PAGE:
[38] FIG. 16 is a polyacrylamide gel containing PCR product from Macro PCR and PCR reactions in the microfluidic device shown in FIG. 7B. The results on the left show the approximate migration of different DNA base pair lengths. The lanes containing interspersed bands are molecular weight markers. The lanes labeled "Macro" are the PCR products from the Macro reactions at different dilutions. The lanes labeled "In chip" are PCR products generated in the chip. The lanes containing many bands throughout the gel are nonspecific background signals.

DETAILED DESCRIPTION I. Definitions

[39] Unless defined otherwise, all technical and scientific terms used herein have the meaning commonly understood by a person skilled in the art to which this invention belongs. The following references provide one of skill with a general definition of many of the terms used in this invention: Singleton et al., DICTIONARY OF MICROBIOLOGY AND MOLECULAR BIOLOGY (2d ed. 1994); THE CAMBRIDGE DICTIONARY OF SCIENCE AND TECHNOLOGY (Walker ed., 1988); THE GLOSSARY OF GENETICS, 5TH ED., R. Rieger et al. (eds.), Springer Verlag (1991); and Hale & Marham, THE

HARPER COLLINS DICTIONARY OF BIOLOGY (1991). As used herein, the following terms have the meanings ascribed to them unless specified otherwise. [40] A "flow channel" refers generally to a flow path through which a solution can flow. [41] The term "valve" unless otherwise indicted refers to a configuration in which a flow channel and a control channel intersect and are separated by an elastomeric membrane that can be deflected into or retracted from the flow channel in response to an actuation force. [42] A "blind channel" or a "dead-end channel" refers to a flow channel which has an entrance but not a separate exit. Accordingly, solution flow in and out of the blind channel occurs at the same location. The process of filling one or more blind channels is sometimes simply referred to as "blind fill."

[43] An "isolated reaction site" generally refers to a reaction site that is not in fluid communication with other reactions sites present on the device. When used with respect to a blind channel, the isolated reaction site is the region at the end of the blind channel that can - be blocked off by a valve associated with the blind channel. [44] A "via" refers to a channel formed in an elastomeric device to provide fluid access between an external port of the device and one or more flow channels. Thus, a via can serve as a sample input or output, for example.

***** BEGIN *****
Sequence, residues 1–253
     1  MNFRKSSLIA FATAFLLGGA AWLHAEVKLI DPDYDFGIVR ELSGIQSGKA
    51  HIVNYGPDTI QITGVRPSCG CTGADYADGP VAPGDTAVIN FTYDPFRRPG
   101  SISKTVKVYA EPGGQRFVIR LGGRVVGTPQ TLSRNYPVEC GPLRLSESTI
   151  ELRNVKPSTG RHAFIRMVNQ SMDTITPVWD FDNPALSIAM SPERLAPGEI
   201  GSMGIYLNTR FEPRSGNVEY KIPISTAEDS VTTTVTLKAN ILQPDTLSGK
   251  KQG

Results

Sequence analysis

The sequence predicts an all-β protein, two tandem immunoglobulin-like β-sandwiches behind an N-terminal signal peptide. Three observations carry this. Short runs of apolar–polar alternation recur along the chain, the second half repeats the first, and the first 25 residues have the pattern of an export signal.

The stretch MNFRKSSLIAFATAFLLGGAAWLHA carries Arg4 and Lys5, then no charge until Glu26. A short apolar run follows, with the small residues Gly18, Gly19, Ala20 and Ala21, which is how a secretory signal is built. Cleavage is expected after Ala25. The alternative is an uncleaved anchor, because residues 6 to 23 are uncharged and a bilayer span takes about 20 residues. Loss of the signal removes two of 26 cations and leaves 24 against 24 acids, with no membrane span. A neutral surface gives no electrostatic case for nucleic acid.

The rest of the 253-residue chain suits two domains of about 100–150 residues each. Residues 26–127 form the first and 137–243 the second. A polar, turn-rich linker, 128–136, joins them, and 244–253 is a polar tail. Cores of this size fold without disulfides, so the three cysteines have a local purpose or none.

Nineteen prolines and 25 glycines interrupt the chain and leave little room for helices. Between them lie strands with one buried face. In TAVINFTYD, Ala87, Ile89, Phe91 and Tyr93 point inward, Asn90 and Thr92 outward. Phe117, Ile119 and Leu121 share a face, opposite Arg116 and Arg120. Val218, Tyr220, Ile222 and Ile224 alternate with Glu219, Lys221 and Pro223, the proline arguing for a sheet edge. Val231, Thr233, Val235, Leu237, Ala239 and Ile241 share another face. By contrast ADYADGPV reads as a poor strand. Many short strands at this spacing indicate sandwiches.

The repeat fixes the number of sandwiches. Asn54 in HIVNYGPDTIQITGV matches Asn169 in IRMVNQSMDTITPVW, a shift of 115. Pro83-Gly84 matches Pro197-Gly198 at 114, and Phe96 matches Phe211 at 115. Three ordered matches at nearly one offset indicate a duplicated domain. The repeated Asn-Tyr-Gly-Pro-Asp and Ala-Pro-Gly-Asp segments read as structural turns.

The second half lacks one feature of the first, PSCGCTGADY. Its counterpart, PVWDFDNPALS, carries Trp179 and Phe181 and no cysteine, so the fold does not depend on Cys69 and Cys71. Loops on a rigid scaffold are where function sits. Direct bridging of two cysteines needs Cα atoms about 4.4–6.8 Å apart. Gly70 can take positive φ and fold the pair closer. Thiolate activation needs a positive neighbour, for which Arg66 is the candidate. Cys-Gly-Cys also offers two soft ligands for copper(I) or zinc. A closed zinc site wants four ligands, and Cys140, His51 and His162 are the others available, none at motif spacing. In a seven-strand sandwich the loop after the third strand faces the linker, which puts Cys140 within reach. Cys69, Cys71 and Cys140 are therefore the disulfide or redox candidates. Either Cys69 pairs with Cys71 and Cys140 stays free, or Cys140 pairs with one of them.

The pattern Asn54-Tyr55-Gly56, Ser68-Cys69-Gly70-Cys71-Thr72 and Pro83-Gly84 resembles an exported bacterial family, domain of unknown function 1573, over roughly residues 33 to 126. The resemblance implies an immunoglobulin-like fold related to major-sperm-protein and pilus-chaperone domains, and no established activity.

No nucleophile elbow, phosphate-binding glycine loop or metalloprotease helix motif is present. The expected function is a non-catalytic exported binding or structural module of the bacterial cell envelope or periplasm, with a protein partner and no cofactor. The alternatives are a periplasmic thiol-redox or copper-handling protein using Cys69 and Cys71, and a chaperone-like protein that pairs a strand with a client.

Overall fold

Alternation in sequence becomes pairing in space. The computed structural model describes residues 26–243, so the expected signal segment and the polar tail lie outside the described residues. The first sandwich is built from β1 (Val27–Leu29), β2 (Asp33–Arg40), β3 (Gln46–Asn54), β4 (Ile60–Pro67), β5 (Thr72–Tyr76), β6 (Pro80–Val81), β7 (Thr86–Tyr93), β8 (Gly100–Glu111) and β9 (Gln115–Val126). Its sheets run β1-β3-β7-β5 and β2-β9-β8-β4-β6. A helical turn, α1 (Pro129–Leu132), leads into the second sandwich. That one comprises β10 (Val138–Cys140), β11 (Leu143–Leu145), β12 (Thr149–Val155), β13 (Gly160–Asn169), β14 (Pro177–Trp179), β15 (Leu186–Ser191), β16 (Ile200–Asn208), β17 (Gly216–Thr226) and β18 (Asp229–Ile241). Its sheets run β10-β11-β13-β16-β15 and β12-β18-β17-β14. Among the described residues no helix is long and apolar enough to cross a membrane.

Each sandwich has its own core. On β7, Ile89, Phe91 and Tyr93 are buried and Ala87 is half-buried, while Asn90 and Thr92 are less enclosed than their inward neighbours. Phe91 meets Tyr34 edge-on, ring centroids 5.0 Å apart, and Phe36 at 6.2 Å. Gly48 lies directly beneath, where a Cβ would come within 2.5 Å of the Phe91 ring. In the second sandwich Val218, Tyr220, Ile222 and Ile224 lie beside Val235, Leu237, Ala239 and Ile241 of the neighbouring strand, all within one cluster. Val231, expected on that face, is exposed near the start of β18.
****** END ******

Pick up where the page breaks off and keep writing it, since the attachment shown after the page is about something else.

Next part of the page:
[45] The term "elastomer" and "elastomeric" has its general meaning as used in the art. Thus, for example, Allcock et al. (Contemporary Polymer Chemistry, 2nd Ed.) describes elastomers in general as polymers existing at a temperature between their glass transition temperature and liquefaction temperature. Elastomeric materials exhibit elastic properties because the polymer chains readily undergo torsional motion to permit uncoiling of the backbone chains in response to a force, with the backbone chains recoiling to assume the prior shape in the absence of the force. In general, elastomers deform when force is applied, but then return to their original shape when the force is removed. The elasticity exhibited by elastomeric materials can be characterized by a Young's modulus. The elastomeric materials utilized in the microfluidic devices disclosed herein typically have a Young's modulus of between about 1 Pa - 1 TPa, in other instances between about 10 Pa - 100 GPa, in still other instances between about 20 Pa,- 1 GPa, in yet other instances between about 50 Pa - 10 MPa, and in certain instances between about 100 Pa - 1 MPa. Elastomeric materials having a Young's modulus outside of these ranges can also be utilized depending upon the needs of a particular application. [46] Some of the microfluidic devices described herein are fabricated from an elastomeric polymer such as GE RTV 615 (formulation), a vinyl-silane crosslinked (type) silicone elastomer (family). However, the present microfluidic systems are not limited to this one formulation, type or even this family of polymer; rather, nearly any elastomeric polymer is suitable. Given the tremendous diversity of polymer chemistries, precursors, synthetic methods, reaction conditions, and potential additives, there are a large number of possible elastomer systems that can be used to make monolithic elastomeric microvalves and pumps. The choice of materials typically depends upon the particular material properties (e.g., solvent resistance, stiffness, gas permeability, and/or temperature stability) required for the application being conducted. Additional details regarding the type of elastomeric materials that can be used in the manufacture of the components of the microfluidic devices disclosed herein are set forth in Unger et al. (2000) Science 288 : 113- 116, and PCT Publications WO 02/43615, and WO 01/01025, which are incorporated herein by reference in their entirety for all purposes.